The U.S. Senate today approved a bill to normalize trade relations with Russia. The House voted overwhelmingly for it last month, and President Obama is expected to sign it into law. The move will allow U.S. companies to benefit from Russia's recent entry into the World Trade Organization (WTO). However, the bill also includes a provision that penalizes Russian human rights violators—a move that infuriates Moscow, which has promised to strike back. I asked my colleague Anya Schmemann, who follows Russian issues, to explain the double-edged bill. Here's what she had to say:
Congressional approval to grant permanent normal trade relations (PNTR) with Russia and lift a dated Cold War-era restriction on trade is a positive step in U.S.-Russian relations. It has been warmly applauded by U.S. companies, who are eager to reap benefits from Russia's recent entry into the WTO.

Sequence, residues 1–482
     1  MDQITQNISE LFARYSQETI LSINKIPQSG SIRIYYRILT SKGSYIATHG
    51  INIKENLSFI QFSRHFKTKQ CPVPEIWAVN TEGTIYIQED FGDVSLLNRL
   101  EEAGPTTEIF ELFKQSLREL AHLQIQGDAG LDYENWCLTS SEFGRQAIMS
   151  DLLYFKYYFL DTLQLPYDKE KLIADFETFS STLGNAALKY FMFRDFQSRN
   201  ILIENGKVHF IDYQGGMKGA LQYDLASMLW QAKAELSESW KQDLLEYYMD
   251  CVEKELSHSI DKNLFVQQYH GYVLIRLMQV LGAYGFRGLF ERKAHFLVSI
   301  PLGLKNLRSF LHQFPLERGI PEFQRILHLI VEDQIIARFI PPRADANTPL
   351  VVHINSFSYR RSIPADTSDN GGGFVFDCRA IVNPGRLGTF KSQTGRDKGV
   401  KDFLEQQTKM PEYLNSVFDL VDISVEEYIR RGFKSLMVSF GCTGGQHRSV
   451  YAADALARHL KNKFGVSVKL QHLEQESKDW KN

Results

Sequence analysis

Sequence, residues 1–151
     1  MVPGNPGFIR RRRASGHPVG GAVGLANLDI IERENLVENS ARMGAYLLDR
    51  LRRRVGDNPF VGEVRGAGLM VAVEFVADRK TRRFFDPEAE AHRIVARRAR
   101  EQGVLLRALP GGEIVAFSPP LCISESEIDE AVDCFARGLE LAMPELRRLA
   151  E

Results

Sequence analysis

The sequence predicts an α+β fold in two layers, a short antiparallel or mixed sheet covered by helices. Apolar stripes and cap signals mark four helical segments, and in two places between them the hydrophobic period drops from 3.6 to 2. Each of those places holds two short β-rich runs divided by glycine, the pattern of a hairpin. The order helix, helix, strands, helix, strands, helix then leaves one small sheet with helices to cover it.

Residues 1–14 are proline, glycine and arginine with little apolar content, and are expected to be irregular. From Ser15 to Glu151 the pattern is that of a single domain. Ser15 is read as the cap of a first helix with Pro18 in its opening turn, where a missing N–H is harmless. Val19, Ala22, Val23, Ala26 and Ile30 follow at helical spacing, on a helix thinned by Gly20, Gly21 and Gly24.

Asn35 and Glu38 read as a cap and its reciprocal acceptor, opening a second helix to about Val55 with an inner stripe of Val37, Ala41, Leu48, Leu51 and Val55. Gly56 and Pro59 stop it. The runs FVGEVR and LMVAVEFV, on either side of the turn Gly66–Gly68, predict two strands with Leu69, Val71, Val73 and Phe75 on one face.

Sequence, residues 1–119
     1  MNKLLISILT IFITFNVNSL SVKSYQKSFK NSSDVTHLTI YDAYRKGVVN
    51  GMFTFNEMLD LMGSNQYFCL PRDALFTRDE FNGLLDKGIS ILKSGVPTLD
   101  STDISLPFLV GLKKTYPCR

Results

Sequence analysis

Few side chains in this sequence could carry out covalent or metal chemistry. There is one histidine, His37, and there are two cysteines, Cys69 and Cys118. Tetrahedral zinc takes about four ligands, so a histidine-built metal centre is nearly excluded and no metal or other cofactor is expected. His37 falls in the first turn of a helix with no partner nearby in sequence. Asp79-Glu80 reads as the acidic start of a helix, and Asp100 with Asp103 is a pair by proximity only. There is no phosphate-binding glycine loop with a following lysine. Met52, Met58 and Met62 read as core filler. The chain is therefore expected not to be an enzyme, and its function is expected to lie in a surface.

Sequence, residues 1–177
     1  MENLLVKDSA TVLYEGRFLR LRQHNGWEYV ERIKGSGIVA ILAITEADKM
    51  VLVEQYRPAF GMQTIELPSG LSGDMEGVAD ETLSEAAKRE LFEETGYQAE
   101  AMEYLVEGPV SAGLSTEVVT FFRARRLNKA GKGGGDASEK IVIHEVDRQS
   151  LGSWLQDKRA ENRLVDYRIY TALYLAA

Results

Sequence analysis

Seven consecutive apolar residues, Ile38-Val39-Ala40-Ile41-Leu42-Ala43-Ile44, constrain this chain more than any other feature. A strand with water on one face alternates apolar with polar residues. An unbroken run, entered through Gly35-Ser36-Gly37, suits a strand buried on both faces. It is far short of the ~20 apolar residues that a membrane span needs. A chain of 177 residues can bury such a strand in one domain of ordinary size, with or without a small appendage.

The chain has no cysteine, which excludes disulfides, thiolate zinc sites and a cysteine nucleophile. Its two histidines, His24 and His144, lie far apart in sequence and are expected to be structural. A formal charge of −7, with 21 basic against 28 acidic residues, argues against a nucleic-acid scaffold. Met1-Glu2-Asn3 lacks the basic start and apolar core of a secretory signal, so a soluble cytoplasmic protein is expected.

But the good news—an embrace of improved trade relations—comes with a slap, since the bill also includes a "name and shame" provision to penalize human rights abusers in Russia.
In a show of bipartisanship, the House voted 365-43 and the Senate voted 94-2 for the combined legislation, which ends the four-decade-old Jackson-Vanik amendment that linked trade to the Soviet Union's restrictions on Jewish emigration. Those limits were lifted even before the Soviet Union collapsed, but Congress let the amendment stay on the books for two more decades.